Rebuilding Place in the Urban Space

"A community’s physical form, rather than its land uses, is its most intrinsic and enduring characteristic." [Katz, EPA] This blog focuses on place and placemaking and all that makes it work--historic preservation, urban design, transportation, asset-based community development, arts & cultural development, commercial district revitalization, tourism & destination development, and quality of life advocacy--along with doses of civic engagement and good governance watchdogging.

Saturday, January 19, 2013

Car sharing as a method for managing the demand for on-street parking: Hoboken, New Jersey

In the entry a few back on car sharing, I forgot to mention how Hoboken, New Jersey is specifically promoting car sharing as a way to manage the demand for a scarce and unchanging inventory of on-street parking spaces, with the intent that more car sharing users equals a reduction in the number of cars owned by residents.

See the city's webpage on Corner Cars and this piece, "Cars at Curbside, Available to Share," from the New York Times. From the NYT article:

The program, called Corner Cars, is based on the rent-by-the-hour model that companies like Zipcar and Hertz have been offering for years. In other cities, however, those cars are stored deep in parking garages or clustered in a few neighborhoods. Hoboken’s shared cars are parked on the street, in special bright green spots that appear every few blocks so they are never far out of sight or mind.

From the city website:

How Do Corner Cars Improve the Parking Situation?
Surveys have shown that for each of these vehicles in Hoboken, over 17 households have given up their cars! An additional 20 or more households have said they delayed or avoided buying a car because of access to these cars. So, every time we put one of these cars on the street, we’re reducing demand for parking. The first wave of this program includes about 50 Corner Cars, so we expect to see over 750 cars removed from the streets!

From the AP story "Car-sharing program finds home in crowded Hoboken":

City officials and the Hertz car rental company, which runs the program, say it's taken cars off the streets and created a few scarce spaces. About a quarter of the nearly 3,000 people who have become members of the program said they had handed in their parking permits, not replaced cars they were getting rid of or opted not to buy new cars, Mayor Dawn Zimmer said. ...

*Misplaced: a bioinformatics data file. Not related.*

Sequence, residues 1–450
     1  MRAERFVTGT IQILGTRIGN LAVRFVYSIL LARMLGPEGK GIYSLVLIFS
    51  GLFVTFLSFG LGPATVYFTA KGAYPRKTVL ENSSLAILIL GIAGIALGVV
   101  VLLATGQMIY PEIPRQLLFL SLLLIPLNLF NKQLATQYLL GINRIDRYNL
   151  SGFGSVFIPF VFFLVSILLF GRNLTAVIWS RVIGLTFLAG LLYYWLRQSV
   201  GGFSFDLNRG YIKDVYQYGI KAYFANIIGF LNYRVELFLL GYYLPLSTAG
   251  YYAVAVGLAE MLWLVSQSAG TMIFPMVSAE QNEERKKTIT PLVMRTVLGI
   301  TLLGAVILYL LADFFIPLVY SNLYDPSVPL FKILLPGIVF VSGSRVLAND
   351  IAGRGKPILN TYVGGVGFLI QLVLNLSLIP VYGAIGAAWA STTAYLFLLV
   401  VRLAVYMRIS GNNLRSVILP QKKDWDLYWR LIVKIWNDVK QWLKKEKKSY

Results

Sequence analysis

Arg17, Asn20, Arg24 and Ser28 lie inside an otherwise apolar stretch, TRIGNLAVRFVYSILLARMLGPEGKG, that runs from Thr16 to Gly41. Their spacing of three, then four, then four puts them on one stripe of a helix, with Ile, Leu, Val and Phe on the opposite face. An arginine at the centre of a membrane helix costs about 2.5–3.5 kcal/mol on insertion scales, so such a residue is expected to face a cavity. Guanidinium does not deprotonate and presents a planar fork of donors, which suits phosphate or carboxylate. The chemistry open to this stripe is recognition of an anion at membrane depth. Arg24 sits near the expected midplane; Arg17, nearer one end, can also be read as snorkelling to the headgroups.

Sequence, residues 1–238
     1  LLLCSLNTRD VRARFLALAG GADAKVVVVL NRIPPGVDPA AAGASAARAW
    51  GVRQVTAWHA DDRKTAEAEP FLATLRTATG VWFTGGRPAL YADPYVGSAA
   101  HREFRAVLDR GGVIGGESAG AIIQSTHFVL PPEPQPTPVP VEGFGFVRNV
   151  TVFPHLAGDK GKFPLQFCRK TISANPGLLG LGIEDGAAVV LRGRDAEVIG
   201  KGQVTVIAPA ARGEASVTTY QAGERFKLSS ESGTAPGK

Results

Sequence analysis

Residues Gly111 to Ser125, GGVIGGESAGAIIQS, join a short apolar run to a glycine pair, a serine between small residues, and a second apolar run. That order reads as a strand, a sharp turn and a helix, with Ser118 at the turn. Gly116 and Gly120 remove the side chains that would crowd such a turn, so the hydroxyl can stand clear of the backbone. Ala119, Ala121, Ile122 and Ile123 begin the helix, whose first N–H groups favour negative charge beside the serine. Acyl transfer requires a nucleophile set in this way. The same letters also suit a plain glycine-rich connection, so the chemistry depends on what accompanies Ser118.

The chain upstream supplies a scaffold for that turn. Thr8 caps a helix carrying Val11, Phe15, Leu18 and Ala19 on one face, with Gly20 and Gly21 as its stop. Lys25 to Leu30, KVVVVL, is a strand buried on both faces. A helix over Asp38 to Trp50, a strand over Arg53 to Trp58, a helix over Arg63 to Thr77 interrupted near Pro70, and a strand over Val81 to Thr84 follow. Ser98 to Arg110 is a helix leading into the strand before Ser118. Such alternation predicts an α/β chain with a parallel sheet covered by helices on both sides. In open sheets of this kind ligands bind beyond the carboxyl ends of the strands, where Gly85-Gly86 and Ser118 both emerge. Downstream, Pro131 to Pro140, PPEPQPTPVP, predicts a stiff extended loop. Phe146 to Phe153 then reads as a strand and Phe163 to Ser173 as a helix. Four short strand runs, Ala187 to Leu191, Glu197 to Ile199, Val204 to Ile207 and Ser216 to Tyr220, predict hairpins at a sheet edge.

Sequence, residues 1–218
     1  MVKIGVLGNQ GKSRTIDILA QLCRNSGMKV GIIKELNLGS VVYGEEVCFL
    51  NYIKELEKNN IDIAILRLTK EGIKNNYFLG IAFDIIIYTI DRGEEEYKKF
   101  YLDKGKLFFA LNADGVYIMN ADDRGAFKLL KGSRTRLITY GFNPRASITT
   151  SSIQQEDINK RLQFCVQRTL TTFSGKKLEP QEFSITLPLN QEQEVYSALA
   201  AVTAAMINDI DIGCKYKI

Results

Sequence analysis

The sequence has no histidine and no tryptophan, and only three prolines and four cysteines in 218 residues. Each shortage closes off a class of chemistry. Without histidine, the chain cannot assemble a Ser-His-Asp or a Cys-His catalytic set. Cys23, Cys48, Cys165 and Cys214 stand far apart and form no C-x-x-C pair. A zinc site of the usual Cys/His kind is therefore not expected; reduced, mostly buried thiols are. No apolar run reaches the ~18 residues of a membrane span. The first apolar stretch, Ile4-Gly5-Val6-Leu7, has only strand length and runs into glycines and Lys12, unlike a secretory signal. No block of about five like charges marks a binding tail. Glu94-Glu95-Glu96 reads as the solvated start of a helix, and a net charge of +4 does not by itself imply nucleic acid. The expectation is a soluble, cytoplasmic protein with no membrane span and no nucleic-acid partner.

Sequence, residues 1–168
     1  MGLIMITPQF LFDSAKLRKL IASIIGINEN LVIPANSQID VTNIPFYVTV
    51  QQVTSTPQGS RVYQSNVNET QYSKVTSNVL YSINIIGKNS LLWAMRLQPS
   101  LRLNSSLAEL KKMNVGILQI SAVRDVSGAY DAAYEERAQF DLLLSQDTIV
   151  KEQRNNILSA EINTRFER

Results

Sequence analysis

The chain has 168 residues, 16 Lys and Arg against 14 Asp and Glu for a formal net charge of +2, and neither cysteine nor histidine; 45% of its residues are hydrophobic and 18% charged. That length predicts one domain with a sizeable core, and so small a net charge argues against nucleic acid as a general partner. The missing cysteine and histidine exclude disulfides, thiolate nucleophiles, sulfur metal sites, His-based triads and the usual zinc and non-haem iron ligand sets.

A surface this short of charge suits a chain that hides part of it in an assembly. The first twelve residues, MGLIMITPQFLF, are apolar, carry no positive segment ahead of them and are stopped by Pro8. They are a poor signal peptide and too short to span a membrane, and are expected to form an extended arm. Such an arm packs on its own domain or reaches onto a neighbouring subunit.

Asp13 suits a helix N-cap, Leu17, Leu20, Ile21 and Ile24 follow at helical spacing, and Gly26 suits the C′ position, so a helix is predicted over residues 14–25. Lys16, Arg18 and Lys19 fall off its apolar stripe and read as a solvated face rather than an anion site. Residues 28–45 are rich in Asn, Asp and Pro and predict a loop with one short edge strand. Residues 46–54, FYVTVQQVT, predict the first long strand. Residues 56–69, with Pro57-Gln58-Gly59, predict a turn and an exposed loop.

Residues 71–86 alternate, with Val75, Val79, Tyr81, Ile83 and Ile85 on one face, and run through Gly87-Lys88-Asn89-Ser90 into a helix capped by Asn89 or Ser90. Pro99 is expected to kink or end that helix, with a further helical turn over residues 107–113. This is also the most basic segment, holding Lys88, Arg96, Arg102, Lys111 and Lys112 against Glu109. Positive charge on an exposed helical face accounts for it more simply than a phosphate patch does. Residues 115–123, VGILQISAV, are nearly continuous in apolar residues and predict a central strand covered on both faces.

Car-sharing in American cities has existed for at least 10 years. Zipcar, the most recognizable name in the industry, offers cars in 18 metropolitan areas and on 250 college campuses. But Hoboken took a gamble by using only street parking spaces, rather than using garages or parking lots, for car-sharing.

"What's unique is the degree to which the city is involved in the program and that it's all on-street," said Kevin McLaughlin, who publishes, an industry website.

(Apparently Zipcar is active in Hoboken too, but likely they were outbid by Hertz in terms of the Corner Car program.)

For whatever reason, people in DC--residents and many public officials (who ought to know better)-- don't seem to be able to understand this, that providing and supporting car share is beneficial, and helps to better manage scarce supply.

Instead DC's policies privilege car owners and penalize people who are interested in sharing and using cars collaboratively, rather than owning a car which would be scarcely used and mostly sit on the street in a form of car storage.

Although car owners in New Jersey are still privileged over car users with regard to car sharing.  In New Jersey, car sharing vehicles still have to pay the $5/day "Domestic Security Fee" assessed against cars in the fleets of rental car companies. This increases the hourly fee paid for by users of the service. Although the AP story reports that the state is considering legislation to exempt car sharing vehicles from this fee.

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At 5:44 AM, Blogger Unknown said...

I think that it is an easy way to increase the trends of car sharing across the US. The people should adopt this great idea to increase the free spaces in the car-parking.
auto transport quotes


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